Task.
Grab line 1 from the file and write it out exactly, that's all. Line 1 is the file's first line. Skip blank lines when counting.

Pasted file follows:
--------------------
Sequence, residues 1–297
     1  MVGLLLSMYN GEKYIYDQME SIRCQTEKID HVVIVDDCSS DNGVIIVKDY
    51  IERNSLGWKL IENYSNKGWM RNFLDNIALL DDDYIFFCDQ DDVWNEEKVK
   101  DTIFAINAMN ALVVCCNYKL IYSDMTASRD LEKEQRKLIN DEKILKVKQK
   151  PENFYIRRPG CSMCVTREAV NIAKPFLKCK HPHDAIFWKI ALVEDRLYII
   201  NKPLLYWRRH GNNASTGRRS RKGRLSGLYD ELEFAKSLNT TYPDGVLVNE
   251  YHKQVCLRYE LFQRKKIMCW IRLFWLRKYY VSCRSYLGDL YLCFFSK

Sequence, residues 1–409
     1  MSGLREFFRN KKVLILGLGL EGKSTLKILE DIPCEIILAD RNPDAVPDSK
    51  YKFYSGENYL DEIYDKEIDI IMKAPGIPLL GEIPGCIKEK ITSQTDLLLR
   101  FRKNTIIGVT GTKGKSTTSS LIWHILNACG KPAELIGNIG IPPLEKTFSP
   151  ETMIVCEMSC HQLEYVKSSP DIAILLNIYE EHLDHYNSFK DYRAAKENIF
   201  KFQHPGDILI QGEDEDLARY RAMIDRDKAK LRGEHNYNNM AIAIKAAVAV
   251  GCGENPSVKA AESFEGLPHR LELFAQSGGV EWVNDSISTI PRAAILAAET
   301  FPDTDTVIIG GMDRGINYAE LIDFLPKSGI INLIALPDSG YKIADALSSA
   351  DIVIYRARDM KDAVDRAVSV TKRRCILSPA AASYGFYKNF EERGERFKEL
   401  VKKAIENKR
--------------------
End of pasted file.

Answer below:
Sequence, residues 1–297